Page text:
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Student Tactics That Are Best Left in the History Books

November 05, 1995|Ruben Navarrette Jr. | Ruben Navarrette Jr. is author of "A Darker Shade of Crimson: Odyssey of a Harvard Chicano" (Bantam) and editor of the forthcoming newsletter, Reconciliation

SANGER, CALIF. — The University of California has stumbled into a time warp. In recent weeks, the continuing debate over affirmative action has assumed the tenor of a 1960s folk song. Black-and-white photographs of college-age protesters lying dormant on the pages of history books have suddenly reappeared in the morning paper in full-color images of marches, walk-outs, even hunger strikes. A new generation of activists, outraged by last summer's decision by the UC Board of Regents to raise standards and end affirmative action in admissions, hiring and contracting, wants the regents to reconsider their action. Toward that end, the new activists--most of them, Latino--took up the political tactics of their predecessors. What a shame.

It was not the first time that modern-day Latino activists borrowed a page from their father's political playbook. Two and a half years ago, at UCLA, 89 students were arrested when a campus protest over Chicano studies digressed into a disturbance. Then, too, a small group of Latino students resorted to going hungry to pressure UCLA's chancellor to elevate the program to full department status. They were largely unsuccessful, though there is now something called the Cesar Chavez Center for Chicano and Chicana Studies on campus.

Oddly enough, the ghost of Cesar Chavez again hovered above the most recent wave of affirmative-action protests. The five Latino students who went on a liquids-only hunger strike at UC Irvine, beginning Oct. 17, were imitating Chavez, who twice fasted to draw attention to la causa and its grape boycotts. And, similarly, some history might have been repeating itself when about 5,000 UC Berkeley students, faculty and staff walked out of class for an afternoon of protest at Sproul Plaza last month. Maybe the protesters were thinking of the fabled East Los Angeles school walkouts in 1968. For a new batch of Latino activists seeking to accomplish new goals and, at the same time, resurrect the spirit of a lost icon, boycotts and hunger strikes are the natural, if nostalgic, weapon of choice.

Loyal proponents of in-your-face politics contend that is precisely the point. The reason that direct action never goes out of style, they claim, is because it works. Admittedly, in the 1960s, some of it did work, and worked especially well, in securing and expanding civil rights for African Americans. And it is the African American example from the '60s that Latino activists emulated then and, to a lesser degree, now.

But the coin of history has another, often ignored, side. The celebrated hunger strikes of Chavez, while dramatically highlighting the grape boycotts and the plight of farm workers, did not completely accomplish their broader goals. They were too self-indulgent and narrowly focused in their objective for that. Few growers were enticed or shamed to the bargaining table as a result of Chavez's fasting. Few of the wage increases and improvements in the working conditions of farm workers, rightfully attributed to the United Farm Workers, can be traced to the grape boycotts, which growers have consistently maintained were largely ineffective.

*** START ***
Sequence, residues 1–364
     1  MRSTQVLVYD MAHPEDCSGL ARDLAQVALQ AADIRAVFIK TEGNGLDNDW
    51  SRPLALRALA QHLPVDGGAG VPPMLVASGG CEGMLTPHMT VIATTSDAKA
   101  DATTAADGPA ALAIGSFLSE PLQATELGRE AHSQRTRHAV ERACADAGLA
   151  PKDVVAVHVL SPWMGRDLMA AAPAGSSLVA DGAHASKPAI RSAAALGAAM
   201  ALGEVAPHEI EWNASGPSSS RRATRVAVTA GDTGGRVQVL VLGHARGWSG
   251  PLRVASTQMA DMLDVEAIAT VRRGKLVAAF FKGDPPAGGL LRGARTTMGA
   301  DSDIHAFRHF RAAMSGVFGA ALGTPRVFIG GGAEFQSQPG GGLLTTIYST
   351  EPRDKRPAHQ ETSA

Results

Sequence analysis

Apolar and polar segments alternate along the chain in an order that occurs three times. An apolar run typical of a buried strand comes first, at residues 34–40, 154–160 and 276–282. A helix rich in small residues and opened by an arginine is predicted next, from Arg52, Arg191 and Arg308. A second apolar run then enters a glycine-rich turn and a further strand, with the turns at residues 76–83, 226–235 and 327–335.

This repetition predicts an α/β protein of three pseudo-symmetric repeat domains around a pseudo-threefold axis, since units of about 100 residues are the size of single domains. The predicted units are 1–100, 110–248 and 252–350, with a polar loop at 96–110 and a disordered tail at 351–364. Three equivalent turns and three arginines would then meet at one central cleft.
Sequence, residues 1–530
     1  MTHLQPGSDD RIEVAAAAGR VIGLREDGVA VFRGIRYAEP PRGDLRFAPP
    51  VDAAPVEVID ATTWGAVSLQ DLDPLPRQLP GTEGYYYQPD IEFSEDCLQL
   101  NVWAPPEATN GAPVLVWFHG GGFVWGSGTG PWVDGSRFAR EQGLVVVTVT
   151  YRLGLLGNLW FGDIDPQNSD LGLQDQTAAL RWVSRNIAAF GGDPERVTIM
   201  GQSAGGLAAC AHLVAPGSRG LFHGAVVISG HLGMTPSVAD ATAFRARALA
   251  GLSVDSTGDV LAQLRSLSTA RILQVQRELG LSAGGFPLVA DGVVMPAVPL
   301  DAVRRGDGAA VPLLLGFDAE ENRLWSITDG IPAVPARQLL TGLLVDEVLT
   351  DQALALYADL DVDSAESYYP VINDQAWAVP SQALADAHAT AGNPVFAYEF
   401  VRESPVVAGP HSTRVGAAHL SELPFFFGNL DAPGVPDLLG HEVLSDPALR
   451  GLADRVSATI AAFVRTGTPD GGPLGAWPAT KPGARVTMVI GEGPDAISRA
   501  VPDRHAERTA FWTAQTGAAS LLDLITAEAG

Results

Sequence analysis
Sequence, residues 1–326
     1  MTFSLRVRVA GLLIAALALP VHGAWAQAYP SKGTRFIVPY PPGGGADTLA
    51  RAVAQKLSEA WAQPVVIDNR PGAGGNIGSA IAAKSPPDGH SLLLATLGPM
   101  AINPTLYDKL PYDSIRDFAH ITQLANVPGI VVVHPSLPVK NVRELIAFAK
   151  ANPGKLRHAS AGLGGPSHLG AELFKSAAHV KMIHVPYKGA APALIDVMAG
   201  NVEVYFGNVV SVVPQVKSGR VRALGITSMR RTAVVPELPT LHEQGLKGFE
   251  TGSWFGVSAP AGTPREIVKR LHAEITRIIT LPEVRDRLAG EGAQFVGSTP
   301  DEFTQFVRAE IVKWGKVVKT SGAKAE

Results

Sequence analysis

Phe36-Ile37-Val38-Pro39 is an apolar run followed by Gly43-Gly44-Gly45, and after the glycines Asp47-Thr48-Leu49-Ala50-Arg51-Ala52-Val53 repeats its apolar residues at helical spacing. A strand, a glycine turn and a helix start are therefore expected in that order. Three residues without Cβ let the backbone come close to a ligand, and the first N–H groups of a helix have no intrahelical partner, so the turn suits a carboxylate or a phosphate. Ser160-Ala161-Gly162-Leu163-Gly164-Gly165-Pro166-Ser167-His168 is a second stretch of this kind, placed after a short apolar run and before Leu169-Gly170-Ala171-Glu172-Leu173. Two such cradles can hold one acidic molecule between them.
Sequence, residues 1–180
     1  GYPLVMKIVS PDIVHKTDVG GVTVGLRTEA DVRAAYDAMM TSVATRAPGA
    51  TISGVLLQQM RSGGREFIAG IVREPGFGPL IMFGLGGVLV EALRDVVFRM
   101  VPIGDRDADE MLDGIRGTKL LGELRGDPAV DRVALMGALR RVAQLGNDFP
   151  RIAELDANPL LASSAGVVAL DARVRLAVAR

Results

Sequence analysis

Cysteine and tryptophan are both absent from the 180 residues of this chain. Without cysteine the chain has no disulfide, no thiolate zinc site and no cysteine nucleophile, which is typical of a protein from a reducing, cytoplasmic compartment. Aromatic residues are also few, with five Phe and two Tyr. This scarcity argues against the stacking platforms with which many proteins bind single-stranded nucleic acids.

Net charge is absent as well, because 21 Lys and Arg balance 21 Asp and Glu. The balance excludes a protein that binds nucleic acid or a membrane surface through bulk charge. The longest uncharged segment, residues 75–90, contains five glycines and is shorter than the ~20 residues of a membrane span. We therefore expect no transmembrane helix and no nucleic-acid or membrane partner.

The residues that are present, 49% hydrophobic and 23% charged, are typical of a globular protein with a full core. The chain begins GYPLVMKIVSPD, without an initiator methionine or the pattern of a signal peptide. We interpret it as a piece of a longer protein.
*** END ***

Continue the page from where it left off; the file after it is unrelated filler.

It can be argued, moreover, that the tactics of confrontation did as much harm as good. Essentially "us vs. them," they helped polarize the people of the San Joaquin Valley into opposing racial camps--a horrible consequence that has lasted nearly 30 years. Meanwhile, behind the scenes and away from the cameras, the unsung heroes of the UFW--Jewish lawyers, Mexican farm workers and Mexican American negotiators and labor organizers--did the crucial, if unglamorous, work necessary to secure what became monumental progress.

Last week, after their release from custody, the four remaining Latino hunger strikers followed a familiar spirit up the road to Sacramento, where they rallied at the Capitol and then led another protest at UC Davis. Given all the talk about today's young people being apolitical, one had to admire their courage, passion and conviction. All the more unfortunate, then, that they chose such a divisive and, in all likelihood, ineffective way of showcasing it.

In Sacramento, the students were greeted with signs that the times have changed; some previously sympathetic to direct action as a tactic expressed their dismay at what they now saw as a temper tantrum. In fact, UC Regent Ward Connerly, who led the regents' charge to abandon UC's affirmative-action programs, used precisely that phrase in referring to the hunger strike. Bluntly comparing it to a child threatening to hold his breath until his demands were met, Connerly vowed that the university would not be bullied or blackmailed by students who "resort to these sorts of methods when they do not get their way."

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